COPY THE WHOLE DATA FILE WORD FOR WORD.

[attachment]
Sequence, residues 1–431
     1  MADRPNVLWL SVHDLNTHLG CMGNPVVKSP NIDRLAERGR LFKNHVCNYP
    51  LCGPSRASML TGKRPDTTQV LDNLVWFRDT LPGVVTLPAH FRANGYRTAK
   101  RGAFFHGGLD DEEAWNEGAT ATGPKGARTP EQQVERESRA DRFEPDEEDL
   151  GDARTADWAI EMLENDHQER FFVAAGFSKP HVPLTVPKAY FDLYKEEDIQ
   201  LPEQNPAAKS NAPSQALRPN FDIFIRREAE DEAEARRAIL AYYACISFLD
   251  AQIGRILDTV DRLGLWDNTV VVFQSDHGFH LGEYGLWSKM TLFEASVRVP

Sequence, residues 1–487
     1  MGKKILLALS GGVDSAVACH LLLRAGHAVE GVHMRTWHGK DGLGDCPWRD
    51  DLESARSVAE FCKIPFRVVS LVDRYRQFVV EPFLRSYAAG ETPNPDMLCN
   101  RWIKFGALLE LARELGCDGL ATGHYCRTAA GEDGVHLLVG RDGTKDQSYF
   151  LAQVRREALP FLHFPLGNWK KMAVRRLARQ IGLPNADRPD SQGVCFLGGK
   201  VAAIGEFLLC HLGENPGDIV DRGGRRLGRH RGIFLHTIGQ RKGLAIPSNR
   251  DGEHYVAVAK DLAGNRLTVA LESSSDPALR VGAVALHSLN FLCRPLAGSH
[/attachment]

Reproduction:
Sequence, residues 1–431
     1  MADRPNVLWL SVHDLNTHLG CMGNPVVKSP NIDRLAERGR LFKNHVCNYP
    51  LCGPSRASML TGKRPDTTQV LDNLVWFRDT LPGVVTLPAH FRANGYRTAK
   101  RGAFFHGGLD DEEAWNEGAT ATGPKGARTP EQQVERESRA DRFEPDEEDL
   151  GDARTADWAI EMLENDHQER FFVAAGFSKP HVPLTVPKAY FDLYKEEDIQ
   201  LPEQNPAAKS NAPSQALRPN FDIFIRREAE DEAEARRAIL AYYACISFLD
   251  AQIGRILDTV DRLGLWDNTV VVFQSDHGFH LGEYGLWSKM TLFEASVRVP

Sequence, residues 1–487
     1  MGKKILLALS GGVDSAVACH LLLRAGHAVE GVHMRTWHGK DGLGDCPWRD
    51  DLESARSVAE FCKIPFRVVS LVDRYRQFVV EPFLRSYAAG ETPNPDMLCN
   101  RWIKFGALLE LARELGCDGL ATGHYCRTAA GEDGVHLLVG RDGTKDQSYF
   151  LAQVRREALP FLHFPLGNWK KMAVRRLARQ IGLPNADRPD SQGVCFLGGK
   201  VAAIGEFLLC HLGENPGDIV DRGGRRLGRH RGIFLHTIGQ RKGLAIPSNR
   251  DGEHYVAVAK DLAGNRLTVA LESSSDPALR VGAVALHSLN FLCRPLAGSH